This is the first post in a series of Reading List posts. Part of working with web analytics and conversion optimisation is to keep learning. There are a lot of ways to learn; conferences, books, networking and so on. And then there are people you don’t know. I use Twitter, LinkedIn and even Google+ to follow people that do great stuff within Analytics. And very often, I’ll come across interesting posts or articles with great solutions for different analytical problems. With this series, I want to share what I believe to be some of the best recent articles. And please do send me a suggestion if you think I should read something.
This is a pretty straightforward tutorial that explains how you can stitch together a complete customer journey from online interactions to offline sales in a store. By using the measurement protocol and saving what you know about your visitors, you’ll be able to get a much better picture of your real ROMI.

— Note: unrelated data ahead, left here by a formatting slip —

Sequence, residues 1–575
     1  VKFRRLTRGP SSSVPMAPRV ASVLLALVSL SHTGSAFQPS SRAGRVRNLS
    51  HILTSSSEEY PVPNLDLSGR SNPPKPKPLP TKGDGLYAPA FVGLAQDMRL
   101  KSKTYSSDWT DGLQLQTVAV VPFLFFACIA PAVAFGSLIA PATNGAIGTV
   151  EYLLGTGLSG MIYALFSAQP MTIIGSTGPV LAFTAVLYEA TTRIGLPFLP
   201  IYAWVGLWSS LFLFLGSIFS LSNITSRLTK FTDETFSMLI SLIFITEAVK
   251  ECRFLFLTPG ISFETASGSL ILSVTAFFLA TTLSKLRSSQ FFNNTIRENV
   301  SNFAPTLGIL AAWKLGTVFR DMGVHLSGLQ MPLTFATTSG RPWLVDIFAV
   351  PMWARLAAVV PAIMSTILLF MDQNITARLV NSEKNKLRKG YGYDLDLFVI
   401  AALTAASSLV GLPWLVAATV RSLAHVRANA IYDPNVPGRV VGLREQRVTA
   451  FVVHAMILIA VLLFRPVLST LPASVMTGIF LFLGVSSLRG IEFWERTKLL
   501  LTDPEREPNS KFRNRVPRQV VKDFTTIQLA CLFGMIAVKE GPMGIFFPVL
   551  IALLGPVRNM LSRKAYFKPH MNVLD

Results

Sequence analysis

In this post, Krista Seiden, Analytics Advocate with Google, explains why there are some dimensions and metrics that just can’t be combined. It all comes down to the Google Analytics data model and how various dimensions and metrics are either related to users, sessions or interactions.
Straight to the point as always, Avinash makes a great point in this post on what makes a great (web) analyst – the ability to be skeptical and always question data in front of you, while knowing when to stop and make a decision based on your (analysed) data.
This post sort of ties into Avinash’s view on skepticism and wisdow, but gets more in-depth and hands-on with Google Analytics. What data should you collect, what data should you trust, and how can you avoid misinterpreting your data?